This study has several advantages. First, this is a fairly large and community-based study and examined the possible relationship of social activity and cognitive function among the community Chinese elderly. Second, various potential confounders have been adjusted, including socio-demographics, physical and mental health-related factors, and other categories of leisure activity. Third, participants with dementia were excluded because impaired cognitive function can lead to less social interaction and recall bias of participation. Furthermore, our findings were based on the measurement of different cognitive domains. Thus, we can know which cognitive domains have specific associations with social activities. Depression symptoms have significant association with an increased risk of cognitive impairment in later life,44 and the association was independent of age, gender, follow-up periods, and base-line cognitive function.45 The confounding effect of depression symptoms was adjusted in our study by excluding the individuals with depression.
Limitations of the study should be mentioned. The cross-sectional design is the major limitation of the study, and we cannot draw causal conclusions. Furthermore, the accurate appraisals of social activity are limited by the retrospective evaluation. Third, it is suggested that the quality of social activities is more crucial for individual’s health than quantity.46 In our study, social activity was measured by the way of frequency and duration. The important dimensions of social activities such as satisfaction and burdens were not included in the assessment. More detailed social activity scales including quantity and quality should be adopted in future study, with a view to capture more important information on the association between social activity and cognitive function. Participants in social centers may be more social active than older adults outside, which limited the generalization of the results to the other population. Hence, large population-based, randomized controlled trials are needed to explore the effect of social activity on cognitive function.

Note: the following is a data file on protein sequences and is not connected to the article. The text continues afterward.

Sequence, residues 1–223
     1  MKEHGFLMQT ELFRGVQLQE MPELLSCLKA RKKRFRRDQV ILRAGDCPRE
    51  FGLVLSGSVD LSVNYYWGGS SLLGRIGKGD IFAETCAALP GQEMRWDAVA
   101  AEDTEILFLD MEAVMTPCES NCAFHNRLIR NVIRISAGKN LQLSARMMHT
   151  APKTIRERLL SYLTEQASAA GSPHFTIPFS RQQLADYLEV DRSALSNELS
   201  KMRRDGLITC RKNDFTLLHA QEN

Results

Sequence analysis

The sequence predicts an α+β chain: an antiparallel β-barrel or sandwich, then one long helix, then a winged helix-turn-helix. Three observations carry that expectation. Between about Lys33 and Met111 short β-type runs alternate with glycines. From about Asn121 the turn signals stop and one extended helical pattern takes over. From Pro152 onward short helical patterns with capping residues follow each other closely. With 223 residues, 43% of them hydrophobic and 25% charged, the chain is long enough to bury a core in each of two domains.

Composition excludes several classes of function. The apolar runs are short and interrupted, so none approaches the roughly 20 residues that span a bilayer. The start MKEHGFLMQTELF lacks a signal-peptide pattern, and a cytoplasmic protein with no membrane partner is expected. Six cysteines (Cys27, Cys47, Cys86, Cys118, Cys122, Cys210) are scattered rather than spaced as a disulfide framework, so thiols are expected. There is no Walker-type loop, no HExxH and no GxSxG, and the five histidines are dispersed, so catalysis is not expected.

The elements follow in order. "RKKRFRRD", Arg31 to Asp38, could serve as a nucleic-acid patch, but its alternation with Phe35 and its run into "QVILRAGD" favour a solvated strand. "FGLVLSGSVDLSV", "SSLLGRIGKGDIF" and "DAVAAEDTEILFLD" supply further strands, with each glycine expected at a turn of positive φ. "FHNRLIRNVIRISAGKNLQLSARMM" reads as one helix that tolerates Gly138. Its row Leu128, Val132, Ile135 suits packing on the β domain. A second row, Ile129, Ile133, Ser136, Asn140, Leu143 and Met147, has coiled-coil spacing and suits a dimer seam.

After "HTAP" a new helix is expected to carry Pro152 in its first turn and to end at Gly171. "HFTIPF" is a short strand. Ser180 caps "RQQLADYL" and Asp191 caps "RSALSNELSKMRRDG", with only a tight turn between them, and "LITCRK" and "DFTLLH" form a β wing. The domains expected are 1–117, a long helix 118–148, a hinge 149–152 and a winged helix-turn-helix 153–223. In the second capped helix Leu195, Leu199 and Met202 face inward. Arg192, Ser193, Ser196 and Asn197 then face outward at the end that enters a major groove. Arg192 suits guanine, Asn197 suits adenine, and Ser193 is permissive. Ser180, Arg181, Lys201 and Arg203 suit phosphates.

Despite these limitations, our results support the hypothesis that participation in social activity may be benefit for cognitive function, providing cogent proof for the special types of social activity that may prevent cognitive impairment among Chinese elderly. A recent Asian study showed that some special activities had strong association with cognitive function, including religious activity, meeting with friends, joining clubs, meeting with relatives or classmates, volunteer work, and political organizations.47 The results combined with ours suggested that the relationship of social activity and cognitive function may be influenced by social or cultural background. Our findings suggested that some individual social items had positive association with better cognitive function. The population-based randomized case–control trials should be implemented to further explore the effect of these types of social activity on cognitive function. Social activity suitable for Chinese elderly should be explored and generalized with a view to find more strategy to prevent cognitive impairment.